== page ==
Five Hundred Eyes

The Causal Nexus

"If you destroy Logopolis, you unravel the whole causal nexus!" "Causal nexus! You insult my intelligence, Monitor."

All right, so I don't know what the causal nexus is either, but hopefully I won't insult intelligence in this article. Logopolis is all about computers, and unlike all the "megabyte modem" business in recent years, the technology in this story actually makes some sense. This is hardly suprising, since the author (Christopher H Bidmead) knew much about computers, having written for Practical Computing for some time. Within this story, he presented some remarkable concepts about the future of computers, but sadly they were not developed fully in the four episodes available. To analyse his ideas, I would like to compare Logopolitan mathematics to existing technology on earth, For anyone who knows little about computers, this may seem rather baffling, whereas those with some knowledge might find this a bit simplistic. Sorry.

Machine architecture. Sounds good, doesn't it? What it really means is the way all the bits and pieces inside a computer are conected together. (Obvious really!) Within your standard ZX Spectrum, BBC micro, IBM PC or whatever, there is one central microchip that does most of the work, called the Central Processing Unit, or CPU. This contains a few "storage areas" called registers, each of which can contain a number. Although the details vary from computer to computer, nearly all have an "accumulator", or A-register. Most operations are carried out on the contents of the accumulator.

in addition to the CPU in a computer, there is also a large area of memory. This usually contains both the program, and the data to be processed. At any one time, the other main register, the Program Counter, "points" to one of the numbers in memory, to show the point in the program to be executed. The CPU reads this number and translates it into an instruction, which it then obeys, Lastly the Program Counter is advanced, so that it points to the next instruction needed. For instance, an instuction might say "look at memory location 1 and copy the number you find there into the accumulator". The next could say "look at location 2 and add the number you find to the accumulator". Thus after obeying these instructions, the CPU would have added two numbers with the result left in the accumulator. Now you can probably see how the accumulator was named.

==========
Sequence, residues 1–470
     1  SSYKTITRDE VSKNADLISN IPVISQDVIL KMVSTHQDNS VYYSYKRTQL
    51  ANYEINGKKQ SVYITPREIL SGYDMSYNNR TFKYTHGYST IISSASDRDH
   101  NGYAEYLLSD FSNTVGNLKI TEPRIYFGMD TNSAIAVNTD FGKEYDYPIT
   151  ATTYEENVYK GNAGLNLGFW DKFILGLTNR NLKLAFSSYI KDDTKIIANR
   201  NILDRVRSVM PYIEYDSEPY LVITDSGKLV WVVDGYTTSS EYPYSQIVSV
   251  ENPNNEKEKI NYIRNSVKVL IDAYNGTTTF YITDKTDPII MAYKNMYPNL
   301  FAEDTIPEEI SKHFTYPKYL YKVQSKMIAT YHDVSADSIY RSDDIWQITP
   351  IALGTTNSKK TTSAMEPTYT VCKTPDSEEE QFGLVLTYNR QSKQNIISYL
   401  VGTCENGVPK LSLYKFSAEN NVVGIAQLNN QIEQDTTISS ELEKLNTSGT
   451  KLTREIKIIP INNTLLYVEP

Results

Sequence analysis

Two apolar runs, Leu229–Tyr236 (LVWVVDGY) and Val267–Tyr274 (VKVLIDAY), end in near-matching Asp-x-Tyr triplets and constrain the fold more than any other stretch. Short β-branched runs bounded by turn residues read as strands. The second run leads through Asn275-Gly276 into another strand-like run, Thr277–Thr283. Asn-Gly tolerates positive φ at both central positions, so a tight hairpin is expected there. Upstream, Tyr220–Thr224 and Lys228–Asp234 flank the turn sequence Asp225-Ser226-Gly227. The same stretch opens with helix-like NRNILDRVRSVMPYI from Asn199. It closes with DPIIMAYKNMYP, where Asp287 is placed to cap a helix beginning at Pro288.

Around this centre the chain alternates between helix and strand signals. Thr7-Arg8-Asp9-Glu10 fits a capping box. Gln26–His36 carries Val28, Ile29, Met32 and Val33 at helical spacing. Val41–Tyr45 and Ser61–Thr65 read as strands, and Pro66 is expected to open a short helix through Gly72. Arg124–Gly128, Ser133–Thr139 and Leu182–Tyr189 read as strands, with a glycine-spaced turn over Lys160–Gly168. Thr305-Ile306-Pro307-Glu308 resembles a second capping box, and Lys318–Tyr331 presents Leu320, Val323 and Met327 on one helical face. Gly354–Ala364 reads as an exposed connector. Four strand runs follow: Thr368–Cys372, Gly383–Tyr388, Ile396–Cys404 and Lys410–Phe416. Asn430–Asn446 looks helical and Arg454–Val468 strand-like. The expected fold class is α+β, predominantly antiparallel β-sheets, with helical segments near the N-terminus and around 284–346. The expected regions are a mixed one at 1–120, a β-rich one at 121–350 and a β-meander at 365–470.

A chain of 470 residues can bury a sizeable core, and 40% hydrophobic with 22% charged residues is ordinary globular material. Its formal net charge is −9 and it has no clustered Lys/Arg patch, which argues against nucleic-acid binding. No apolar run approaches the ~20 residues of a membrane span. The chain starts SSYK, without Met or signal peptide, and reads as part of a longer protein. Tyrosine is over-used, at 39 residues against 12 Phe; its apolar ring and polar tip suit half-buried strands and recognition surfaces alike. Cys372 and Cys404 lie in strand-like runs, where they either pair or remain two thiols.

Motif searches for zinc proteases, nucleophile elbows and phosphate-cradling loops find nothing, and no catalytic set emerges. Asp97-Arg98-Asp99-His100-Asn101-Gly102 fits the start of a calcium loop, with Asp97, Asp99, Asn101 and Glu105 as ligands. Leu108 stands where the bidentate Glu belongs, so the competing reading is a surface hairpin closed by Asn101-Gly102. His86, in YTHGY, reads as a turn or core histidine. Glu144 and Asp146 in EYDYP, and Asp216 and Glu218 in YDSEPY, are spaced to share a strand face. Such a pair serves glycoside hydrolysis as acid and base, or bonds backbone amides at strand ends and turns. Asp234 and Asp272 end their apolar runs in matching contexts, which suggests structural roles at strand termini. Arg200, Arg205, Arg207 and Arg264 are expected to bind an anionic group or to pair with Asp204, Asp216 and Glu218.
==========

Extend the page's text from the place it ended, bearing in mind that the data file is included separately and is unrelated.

This description shows one of the main limitations of today's computers : all the processing of the data is done inside the CPU. Hence much time is wasted transferring the numbers from memory to the CPU and, in addition, only one instruction may be carried out at any one time. If Logopolitan methods are examined, though, a subtle difference can be noticed. The basic parts of a computer can be seen, with the Central Register building serving for a CPU, and the individual ihhabitants being used as memory locations. However, each of these "memory locations" has its own computer associated with it - namely the individual's brain. Thus when the program is running correctly, there would be hundreds of smaller computers each working on a small part of the problem. In this type of computer, the CPU would not be capable of directly accessing each memory location (that's why the Monitor and Adric had to go out onto the streets to find the error). Instead, a hierarchical system is used, with the Central Register splitting the main problem into a few easier tasks, which are each given to the most senior Logopolitans. They in turn delegate others to do smaller parts, all by word of mouth, so that eventually the entire population is involved. The answers to each of these smaller tasks are then passed back up the hierarchy to the Central Register.

This method is much more efficient, since all the different parts of the program are executed simultaneously. Only in this way could the Logopolitans keep the CVE's open, as conventional systems could never calculate the information in time. Looking from a scientific point of view, though, It is interesting to note that this story was written in 1981. It is only recently that "transputers" have been developed. These are small chips, each with its own processing power and memory. They are arranged in a hierarchical system, each executing a small part of the program. I wonder if Christopher Bidmead played a part in the most exciting breakthrough since the microchip, or perhaps he just recognised the way developments were going in the computer industry.